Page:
This is a photo of Mom wearing one of the dresses she sewed for herself and Dad wearing a shirt she made for him.

I have always been in awe of Mom's sewing skills.  What seemed to be easy for her were the things that I struggled to do.  I will always be grateful to Mom for having the patience to teach me a skill that I learned to love.  I have spent many happy hours at a sewing machine, and will probably continue to do so until I can't any more.  Thank you, Mom.

Monday, July 15, 2013


There is a blog that I found recently that is written by a man who writes well on a variety of topics that I find interesting.  He has been kind enough to comment on this blog, particularly expressing his good wishes after the fire in my building.  He is going through a difficult time right now, as his mother is deteriorating in both physical and mental health and decisions have to be made.  He remarked that he has come to the realization that he has only memories left.

This caused me to think about my Dad.  I think of him often.  The last time I saw him, he was near death and didn't know who I was until I told him, nor did he recognize his grandson who was with me.  That memory is not what I want to keep in my mind and heart, for at that time he bore little resemblance to the man who raised me.

The man I choose to remember is the one who came home with a new lawn mower and had me convinced that it was my birthday present that year, before giving me the softball glove that I had been hounding him to get for me.

This same man who, when I took the family car for a drive at age 16 and ran it out of oil, frying the engine, didn't get angry and yell, but patiently explained the inner workings of engines and that checking the oil was a good thing and those red lights had meaning that I needed to pay attention to.  He then made sure that I knew how to check all the fluids in a car and how to change a tire, skills that have helped me since.

This same man instilled in me the love of gardening.  He worked along side me, tilling and planting and weeding.  He sat with me in the middle of the tomato patch, salt shaker in hand and with me, ate tomatoes until we could eat no more.  He showed me the fun of trying new things, and each year that we had a garden, we tried some new plant that we had not grown before, just for the fun of seeing what would happen.

This same man took me fishing, renting a boat for the day and using the old, temperamental motor that he kept in the trunk of his car all summer long.  He showed me how to choose tackle, how to bait a hook and taught me the patience needed to catch fish.  And in the process, he showed me the beauty of nature around me.

This same man took me back of the grove of trees at our home in the country and into the field, set up targets and showed me how to use a gun.  He laughed at me when his old shotgun that I insisted I wanted to try set me back on my butt and he praised me when I hit the target.  Although I don't hunt, he showed me how to safely carry a gun, how to make sure there was nothing beyond a target that a bullet would damage and to make sure I knew exactly what I was aiming at before I fired.  He taught me how to cut up a deer and I have used that skill many times over the years, for sometimes, venison was all that we had to eat for meat.

This same man kissed me goodbye every morning before he left for work, for the entire time I lived under his roof.  And when I no longer lived close to him and communicated by telephone, he never failed to end a conversation by saying, "I sure love you, Sis."

This same man worked sometimes three jobs at once to care for my mother who was so badly crippled with arthritis.  And the same man who cared for her at home for many years after his retirement until she required more specialized care than he could give.  When I once asked him how he could do this for all those years, he replied, "I love your mother."  That was the only reason necessary for him.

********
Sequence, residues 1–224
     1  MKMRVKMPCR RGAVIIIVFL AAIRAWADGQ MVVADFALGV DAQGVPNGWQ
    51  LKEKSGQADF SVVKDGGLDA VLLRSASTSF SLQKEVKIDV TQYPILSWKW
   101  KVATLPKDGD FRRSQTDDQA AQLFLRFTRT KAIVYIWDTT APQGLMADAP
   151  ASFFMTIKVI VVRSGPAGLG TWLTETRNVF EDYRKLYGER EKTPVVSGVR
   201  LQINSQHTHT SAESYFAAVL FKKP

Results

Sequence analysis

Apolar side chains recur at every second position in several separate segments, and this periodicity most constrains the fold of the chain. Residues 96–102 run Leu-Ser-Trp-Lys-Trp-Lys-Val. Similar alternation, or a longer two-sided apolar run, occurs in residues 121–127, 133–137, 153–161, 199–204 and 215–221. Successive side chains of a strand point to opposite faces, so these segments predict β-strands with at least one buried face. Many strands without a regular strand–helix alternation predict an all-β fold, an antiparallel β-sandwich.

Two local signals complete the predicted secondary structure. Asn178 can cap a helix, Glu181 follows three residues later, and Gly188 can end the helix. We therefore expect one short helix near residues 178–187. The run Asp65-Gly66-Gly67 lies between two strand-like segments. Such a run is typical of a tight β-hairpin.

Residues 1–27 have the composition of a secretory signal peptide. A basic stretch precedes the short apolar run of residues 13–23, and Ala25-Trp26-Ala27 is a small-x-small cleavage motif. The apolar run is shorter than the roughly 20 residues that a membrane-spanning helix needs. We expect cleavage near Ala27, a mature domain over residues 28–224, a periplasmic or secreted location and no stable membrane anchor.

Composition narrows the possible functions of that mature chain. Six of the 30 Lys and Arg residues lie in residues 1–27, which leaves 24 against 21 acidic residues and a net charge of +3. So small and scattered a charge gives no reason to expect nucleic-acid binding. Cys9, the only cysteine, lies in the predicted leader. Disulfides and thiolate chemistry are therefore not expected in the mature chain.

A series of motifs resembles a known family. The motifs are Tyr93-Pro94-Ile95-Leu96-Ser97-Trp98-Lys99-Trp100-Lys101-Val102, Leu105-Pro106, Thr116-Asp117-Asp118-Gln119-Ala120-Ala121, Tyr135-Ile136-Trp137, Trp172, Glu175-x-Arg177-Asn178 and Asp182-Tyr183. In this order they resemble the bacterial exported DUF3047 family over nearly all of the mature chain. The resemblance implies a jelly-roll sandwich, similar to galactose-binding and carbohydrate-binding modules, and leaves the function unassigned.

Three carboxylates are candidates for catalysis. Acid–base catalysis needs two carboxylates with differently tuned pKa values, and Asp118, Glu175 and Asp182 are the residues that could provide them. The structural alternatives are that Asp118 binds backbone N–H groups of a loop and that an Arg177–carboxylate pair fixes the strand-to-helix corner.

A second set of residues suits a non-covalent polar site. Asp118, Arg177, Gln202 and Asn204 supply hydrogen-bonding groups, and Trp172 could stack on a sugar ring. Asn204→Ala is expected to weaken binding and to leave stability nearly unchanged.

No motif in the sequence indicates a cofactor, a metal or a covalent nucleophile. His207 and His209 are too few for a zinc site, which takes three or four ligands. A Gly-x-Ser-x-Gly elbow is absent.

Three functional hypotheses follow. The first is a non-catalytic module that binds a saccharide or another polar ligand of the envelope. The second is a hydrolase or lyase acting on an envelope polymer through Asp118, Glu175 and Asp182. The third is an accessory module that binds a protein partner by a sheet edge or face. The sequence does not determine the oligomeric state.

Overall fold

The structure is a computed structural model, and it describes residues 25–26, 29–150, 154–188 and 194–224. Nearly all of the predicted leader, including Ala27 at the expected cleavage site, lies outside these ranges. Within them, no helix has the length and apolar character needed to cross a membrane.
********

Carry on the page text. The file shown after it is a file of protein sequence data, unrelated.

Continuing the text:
This is the man I remember, much more than the frail one in the nursing home.  I think I may have to take the time to write down more of my memories of him, for myself, for my children and for my grandchildren who didn't have the privilege of knowing him.

Friday, July 12, 2013

Easily Amused

I don't have to watch TV or go to the movies for my entertainment.  My neighborhood has four bars - one next door, one behind my building and two more in the next block.  On any given night, but especially on the weekend, I can sit in my rocking chair next to a window that looks down onto the street below and be entertained.

One of the establishments just recently added one of those rolling bars that is set up like a regular bar with a bartender and bar stools, except it is outdoors and the patrons on the stools sit, drink and pedal like mad as if they were on a bicycle.  I don't know what the name of the contraption is, but it is the silliest looking thing.  It gets even more silly when the patron sitting in the back forgets where he is, slides off his stool and winds up sitting in the middle of the street watching his ride and his drink disappear around the corner.

Not very long ago we had a hard rain that left a big puddle in the middle of the alley that is across from my window.  Folks use that alley to walk from one of the bars in the next block to the bar next door to my building.  As I was sitting in my rocking chair in front of my window enjoying the cool evening breeze, I noticed two men walking my way.  The walking part may be exaggerated.  They were more shuffling along, holding each other up, taking extreme care to avoid the rain puddles, right up to the point where they came to the aforementioned big puddle.  One man went to the right and the other to the left.  Now that each no longer had the other to hang onto for support, both started to weave and side-step and both tried really hard to maintain balance.....until both finally gave up and sat down - in the middle of the puddle.  The last I saw of them, they were happily splashing each other like a couple of kids in a bathtub.